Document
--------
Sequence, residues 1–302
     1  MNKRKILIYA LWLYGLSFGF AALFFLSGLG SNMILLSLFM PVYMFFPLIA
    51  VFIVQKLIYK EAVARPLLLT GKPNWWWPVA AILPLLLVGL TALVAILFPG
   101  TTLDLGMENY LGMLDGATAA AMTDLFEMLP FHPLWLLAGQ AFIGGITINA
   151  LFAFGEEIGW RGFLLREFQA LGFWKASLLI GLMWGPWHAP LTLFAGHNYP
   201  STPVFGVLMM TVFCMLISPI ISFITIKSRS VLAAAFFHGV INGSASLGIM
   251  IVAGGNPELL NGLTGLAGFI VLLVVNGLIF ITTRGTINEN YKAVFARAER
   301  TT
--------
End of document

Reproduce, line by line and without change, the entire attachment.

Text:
Sequence, residues 1–302
     1  MNKRKILIYA LWLYGLSFGF AALFFLSGLG SNMILLSLFM PVYMFFPLIA
    51  VFIVQKLIYK EAVARPLLLT GKPNWWWPVA AILPLLLVGL TALVAILFPG
   101  TTLDLGMENY LGMLDGATAA AMTDLFEMLP FHPLWLLAGQ AFIGGITINA
   151  LFAFGEEIGW RGFLLREFQA LGFWKASLLI GLMWGPWHAP LTLFAGHNYP
   201  STPVFGVLMM TVFCMLISPI ISFITIKSRS VLAAAFFHGV INGSASLGIM
   251  IVAGGNPELL NGLTGLAGFI VLLVVNGLIF ITTRGTINEN YKAVFARAER
   301  TT